Workers' confidence in pensions has hit a new low just months before they are automatically placed into schemes, a study has found.
More than half of workers (54%) said they were not confident in pensions compared with other ways of saving, compared with just 37% who were, the National Association of Pension Funds (NAPF) found.
The overall confidence level of minus 17% is at its lowest point since the NAPF first began carrying out the study in 2007 and has dropped from minus 6% last autumn.
The findings come ahead of a landmark overhaul of the pension system with the automatic enrolment of up to nine million people into schemes, beginning this October with larger firms.
Almost four in 10 of those eligible for auto-enrolment told the NAPF Workplace Pension Survey that they would struggle to pay into the scheme, while a third said they will quit the new pension.
Asked why they plan to leave, 40% said they do not trust the pensions industry, a rise from 27% in October 2011 and the main threat to auto-enrolment, the NAPF said. It said there was a particular lack of trust over charges and annuities.
The NAPF warned that the squeeze on household incomes and stock market volatility over the past year have put people off saving into a pension.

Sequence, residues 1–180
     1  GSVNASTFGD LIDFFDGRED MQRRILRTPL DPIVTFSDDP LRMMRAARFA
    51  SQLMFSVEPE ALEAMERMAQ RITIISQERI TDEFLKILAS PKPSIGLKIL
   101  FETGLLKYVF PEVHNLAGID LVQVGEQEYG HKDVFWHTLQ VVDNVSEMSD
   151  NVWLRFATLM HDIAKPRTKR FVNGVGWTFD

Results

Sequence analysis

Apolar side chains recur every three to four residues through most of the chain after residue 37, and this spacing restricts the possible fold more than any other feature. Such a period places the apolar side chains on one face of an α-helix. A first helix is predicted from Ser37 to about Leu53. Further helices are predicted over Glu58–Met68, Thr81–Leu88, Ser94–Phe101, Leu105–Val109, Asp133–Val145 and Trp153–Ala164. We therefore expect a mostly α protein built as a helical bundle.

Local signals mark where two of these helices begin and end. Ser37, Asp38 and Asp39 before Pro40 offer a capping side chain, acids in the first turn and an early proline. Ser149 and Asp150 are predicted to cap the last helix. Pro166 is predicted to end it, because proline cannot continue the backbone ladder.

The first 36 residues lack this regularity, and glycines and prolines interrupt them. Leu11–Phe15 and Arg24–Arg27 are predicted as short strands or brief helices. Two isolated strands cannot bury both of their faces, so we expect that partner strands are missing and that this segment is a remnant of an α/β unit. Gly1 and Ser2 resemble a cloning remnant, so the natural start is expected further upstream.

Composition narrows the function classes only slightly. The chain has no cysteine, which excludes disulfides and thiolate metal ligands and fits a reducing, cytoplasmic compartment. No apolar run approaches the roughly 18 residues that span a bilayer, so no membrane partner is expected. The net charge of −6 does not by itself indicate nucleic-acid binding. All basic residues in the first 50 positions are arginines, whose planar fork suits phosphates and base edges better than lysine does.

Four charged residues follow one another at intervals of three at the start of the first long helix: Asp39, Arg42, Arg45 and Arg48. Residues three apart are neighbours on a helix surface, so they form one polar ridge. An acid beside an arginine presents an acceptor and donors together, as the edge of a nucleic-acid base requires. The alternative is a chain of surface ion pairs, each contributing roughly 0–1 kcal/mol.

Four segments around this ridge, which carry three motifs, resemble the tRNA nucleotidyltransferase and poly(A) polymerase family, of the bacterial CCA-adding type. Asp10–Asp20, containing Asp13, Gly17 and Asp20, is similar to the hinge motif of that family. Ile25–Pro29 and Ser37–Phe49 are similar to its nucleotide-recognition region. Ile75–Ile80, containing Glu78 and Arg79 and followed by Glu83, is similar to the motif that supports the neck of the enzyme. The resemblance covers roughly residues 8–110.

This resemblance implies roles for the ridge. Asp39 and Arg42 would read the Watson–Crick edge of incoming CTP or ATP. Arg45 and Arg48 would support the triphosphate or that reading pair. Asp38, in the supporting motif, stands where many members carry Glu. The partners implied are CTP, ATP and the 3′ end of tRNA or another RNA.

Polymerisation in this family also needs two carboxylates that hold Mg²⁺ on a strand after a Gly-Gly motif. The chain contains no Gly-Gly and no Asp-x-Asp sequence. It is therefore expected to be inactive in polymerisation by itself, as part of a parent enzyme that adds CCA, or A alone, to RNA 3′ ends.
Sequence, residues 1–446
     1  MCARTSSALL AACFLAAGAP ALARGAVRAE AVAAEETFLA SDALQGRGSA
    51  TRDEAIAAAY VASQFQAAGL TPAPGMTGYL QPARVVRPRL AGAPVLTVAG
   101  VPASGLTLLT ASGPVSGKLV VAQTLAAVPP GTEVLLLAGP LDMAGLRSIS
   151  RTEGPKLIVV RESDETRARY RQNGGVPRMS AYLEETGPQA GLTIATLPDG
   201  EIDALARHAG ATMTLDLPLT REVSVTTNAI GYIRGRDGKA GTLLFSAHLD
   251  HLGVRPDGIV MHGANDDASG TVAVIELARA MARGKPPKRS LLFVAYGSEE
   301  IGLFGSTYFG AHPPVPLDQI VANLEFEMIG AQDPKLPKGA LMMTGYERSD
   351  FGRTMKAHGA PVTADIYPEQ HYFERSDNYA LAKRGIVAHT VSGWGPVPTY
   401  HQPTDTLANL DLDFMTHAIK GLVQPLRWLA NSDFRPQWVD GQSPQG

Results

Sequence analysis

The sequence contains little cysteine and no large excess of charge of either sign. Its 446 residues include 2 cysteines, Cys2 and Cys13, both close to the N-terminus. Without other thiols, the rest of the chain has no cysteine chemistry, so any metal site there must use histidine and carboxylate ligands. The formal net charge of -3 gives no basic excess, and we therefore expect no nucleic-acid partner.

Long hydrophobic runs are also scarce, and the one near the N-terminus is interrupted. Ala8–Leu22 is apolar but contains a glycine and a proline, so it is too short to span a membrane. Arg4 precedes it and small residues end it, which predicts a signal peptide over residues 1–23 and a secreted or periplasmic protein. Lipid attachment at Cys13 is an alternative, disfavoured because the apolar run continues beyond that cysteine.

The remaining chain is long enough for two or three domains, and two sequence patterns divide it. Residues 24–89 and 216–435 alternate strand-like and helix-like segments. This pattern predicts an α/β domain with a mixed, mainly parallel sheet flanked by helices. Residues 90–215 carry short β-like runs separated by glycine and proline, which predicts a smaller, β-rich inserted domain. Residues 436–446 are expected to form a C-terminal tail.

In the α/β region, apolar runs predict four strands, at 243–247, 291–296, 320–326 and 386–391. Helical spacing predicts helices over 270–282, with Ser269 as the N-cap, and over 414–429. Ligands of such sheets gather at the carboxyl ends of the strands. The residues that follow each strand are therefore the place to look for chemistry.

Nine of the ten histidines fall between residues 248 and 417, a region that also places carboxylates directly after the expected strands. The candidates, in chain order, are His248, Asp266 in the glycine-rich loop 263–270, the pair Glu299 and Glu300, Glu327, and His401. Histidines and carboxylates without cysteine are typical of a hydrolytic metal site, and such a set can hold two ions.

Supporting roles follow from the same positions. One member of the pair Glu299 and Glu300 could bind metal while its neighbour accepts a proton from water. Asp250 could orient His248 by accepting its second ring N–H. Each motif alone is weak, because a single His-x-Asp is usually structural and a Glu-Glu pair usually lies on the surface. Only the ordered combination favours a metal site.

Joanne Segars, NAPF chief executive, said: "We have to bolster faith in pensions if our society is to pay for its old age. Auto-enrolment could be a huge step forward, but we are going backwards when it comes to confidence in the product. Quitting a workplace pension can mean losing tax breaks and employer contributions which are, in effect, 'free money'. The benefits of auto-enrolment need to be more widely understood."
Pensions minister Steve Webb said: "We entirely agree that more needs to be done to boost confidence in pensions. We're working on plans to simplify the state pension, providing a firm foundation on which to save ahead of the introduction of automatic enrolment.
"And we've introduced Nest, a low charge, good value scheme that will be a real benefit to savers on a low income, alongside a range of other measures that will ensure good value for money. Workplace pensions are one of the few ways of saving that come with an employer contribution - a major advantage of saving in this way."